saw nothing but a straw mat that the Prophet was sitting on, which had left imprints on his body. The only provisions in the house were a handful of barley and a water skin that hung on the wall ‐ this is all the Messenger of God owned at a time when half the Arabs were under his control. When Umar saw this, he could not control himself and wept. The Messenger of God () said:
"Why are you weeping O Umar?" He replied: "Why shouldn’t I weep when Khosrau and Caesar enjoy themselves in this world and the Messenger of God () only owns what I see!" He responded: "O Umar, wouldn’t it please you that this (worldly life) be the share of Khosrau and Caesar in this life, and in the Hereafter this pleasure would be for us alone?"
When the Prophet examined his troops prior to the conquest of Makkah, Abu Sufyan, an enemy of Islam at that time, stood beside al‐Abbas the uncle of the Prophet () and they looked at the banners of the Muslim army. Abu Sufyan The vast number of Muslims amazed Abu Sufyan for they advanced towards Makkah like a torrent of water. No one could stop them and nothing stood in their way. Abu Sufyan then said to al‐Abbas: ‘O Abbas, your nephew has become a great King!’ Al‐Abbas responded saying: ‘This is not kingship, rather prophethood, and the Messangership of Islam.’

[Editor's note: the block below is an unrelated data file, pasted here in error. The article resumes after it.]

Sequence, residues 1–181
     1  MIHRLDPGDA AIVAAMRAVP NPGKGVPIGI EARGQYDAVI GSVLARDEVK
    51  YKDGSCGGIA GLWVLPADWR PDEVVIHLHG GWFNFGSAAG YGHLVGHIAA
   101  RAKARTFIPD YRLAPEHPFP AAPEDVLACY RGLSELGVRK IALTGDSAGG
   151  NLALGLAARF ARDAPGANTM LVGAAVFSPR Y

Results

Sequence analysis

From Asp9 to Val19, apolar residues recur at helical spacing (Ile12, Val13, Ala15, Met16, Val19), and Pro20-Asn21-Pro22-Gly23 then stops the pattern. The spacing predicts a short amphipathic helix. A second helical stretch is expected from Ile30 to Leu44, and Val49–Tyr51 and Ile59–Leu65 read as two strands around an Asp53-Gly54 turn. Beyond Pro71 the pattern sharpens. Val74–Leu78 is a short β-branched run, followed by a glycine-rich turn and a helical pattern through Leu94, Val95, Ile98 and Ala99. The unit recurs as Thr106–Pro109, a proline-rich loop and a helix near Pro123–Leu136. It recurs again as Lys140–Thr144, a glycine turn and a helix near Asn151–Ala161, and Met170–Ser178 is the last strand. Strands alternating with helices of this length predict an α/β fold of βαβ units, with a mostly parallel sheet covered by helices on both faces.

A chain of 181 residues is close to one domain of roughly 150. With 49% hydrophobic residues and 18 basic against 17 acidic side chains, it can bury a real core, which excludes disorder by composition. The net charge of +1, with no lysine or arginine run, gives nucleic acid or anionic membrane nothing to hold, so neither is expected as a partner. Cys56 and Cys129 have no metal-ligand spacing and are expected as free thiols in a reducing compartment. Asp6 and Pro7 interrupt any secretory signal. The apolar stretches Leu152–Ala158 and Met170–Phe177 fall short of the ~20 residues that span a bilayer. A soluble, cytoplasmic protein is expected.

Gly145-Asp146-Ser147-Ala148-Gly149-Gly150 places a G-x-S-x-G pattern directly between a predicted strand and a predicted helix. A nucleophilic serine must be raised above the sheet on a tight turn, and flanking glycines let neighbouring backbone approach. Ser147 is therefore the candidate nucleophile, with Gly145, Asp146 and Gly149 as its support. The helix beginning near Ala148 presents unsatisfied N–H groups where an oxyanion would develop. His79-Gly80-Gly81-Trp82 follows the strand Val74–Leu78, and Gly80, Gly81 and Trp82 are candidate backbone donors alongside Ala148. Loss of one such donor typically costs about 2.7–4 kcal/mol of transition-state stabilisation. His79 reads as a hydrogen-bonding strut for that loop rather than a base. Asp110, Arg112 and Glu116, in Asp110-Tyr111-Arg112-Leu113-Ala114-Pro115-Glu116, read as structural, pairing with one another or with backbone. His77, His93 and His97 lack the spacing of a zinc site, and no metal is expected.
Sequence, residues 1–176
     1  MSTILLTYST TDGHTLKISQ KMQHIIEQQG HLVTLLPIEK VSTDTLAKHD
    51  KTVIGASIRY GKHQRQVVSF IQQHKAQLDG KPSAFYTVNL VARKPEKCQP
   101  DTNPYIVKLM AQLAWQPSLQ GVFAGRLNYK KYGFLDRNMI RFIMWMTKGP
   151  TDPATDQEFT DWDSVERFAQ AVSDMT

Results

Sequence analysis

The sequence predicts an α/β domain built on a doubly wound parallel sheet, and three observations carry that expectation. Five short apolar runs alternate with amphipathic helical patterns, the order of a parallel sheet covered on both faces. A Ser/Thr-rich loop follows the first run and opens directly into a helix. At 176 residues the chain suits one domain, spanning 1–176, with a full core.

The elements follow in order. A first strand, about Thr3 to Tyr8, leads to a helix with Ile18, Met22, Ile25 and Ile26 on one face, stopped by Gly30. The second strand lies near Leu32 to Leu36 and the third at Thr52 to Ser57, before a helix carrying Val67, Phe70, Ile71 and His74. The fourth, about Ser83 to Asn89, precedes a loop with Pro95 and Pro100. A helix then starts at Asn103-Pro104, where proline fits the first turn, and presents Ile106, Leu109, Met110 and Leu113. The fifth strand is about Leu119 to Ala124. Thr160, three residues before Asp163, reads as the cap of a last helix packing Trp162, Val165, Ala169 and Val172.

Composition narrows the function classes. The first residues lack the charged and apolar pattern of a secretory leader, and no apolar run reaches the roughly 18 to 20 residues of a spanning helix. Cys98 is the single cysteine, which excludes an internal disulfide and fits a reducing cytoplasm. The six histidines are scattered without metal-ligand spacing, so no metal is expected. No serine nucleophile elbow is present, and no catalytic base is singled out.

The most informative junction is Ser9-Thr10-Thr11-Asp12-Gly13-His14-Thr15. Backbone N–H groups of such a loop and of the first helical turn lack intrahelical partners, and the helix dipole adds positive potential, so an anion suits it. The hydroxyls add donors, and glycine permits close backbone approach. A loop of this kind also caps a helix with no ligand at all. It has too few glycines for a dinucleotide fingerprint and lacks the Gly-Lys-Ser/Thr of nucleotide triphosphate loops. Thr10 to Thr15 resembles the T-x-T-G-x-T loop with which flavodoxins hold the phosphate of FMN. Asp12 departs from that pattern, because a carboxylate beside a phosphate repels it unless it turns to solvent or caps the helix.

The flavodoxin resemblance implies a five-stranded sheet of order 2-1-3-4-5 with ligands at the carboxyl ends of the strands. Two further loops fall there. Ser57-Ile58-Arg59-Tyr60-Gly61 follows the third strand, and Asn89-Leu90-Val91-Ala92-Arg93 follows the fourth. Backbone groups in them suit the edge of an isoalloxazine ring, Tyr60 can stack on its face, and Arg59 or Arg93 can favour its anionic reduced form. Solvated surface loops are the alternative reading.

A’dee at‐Ta’ee, the son of Ha’tim at‐Ta’ee who is the paradigm of generosity, was present in a gathering of the Prophet () when A`dee was still a Christian. When he saw how the Companions honored and respected the Prophet (), he was confused ‐ was he a Prophet or a king? He asked himself, "Is he a king or a Messenger of the Messengers of God?" While he was pondering over this, a destitute woman came to the Prophet () and said: "I wish to tell you a secret." He said to her: "In which road in Madeenah do you want me to meet you?’ The Prophet () left with the destitute women and took care of her needs. When Ad’ee saw the humbleness of the Prophet (), he realized the truth and discarded the crosses that he was wearing and became a Muslim.ʺ
We will mention some statements of the Orientalists concerning Muhammad (). As Muslims we firmly believe in the Prophet () and his Message and do not need the statements of non‐Muslims to establish this fact, but we mention these statements for the following two reasons:
a. To serve as a reminder and admonition for the nominal Muslims who have abandoned their Prophet and his teachings, perhaps they will take heed and return to their religion.1
b. To inform non‐Muslims about the Prophet from statements of other non Muslims, so that they will be guided to Islam.
I ask all readers to not hold any prejudices when searching for the truth, whether it be here in this booklet or any other Islamic material. I ask God to open their hearts to accept the truth, to show them the right path and inspire them to follow it.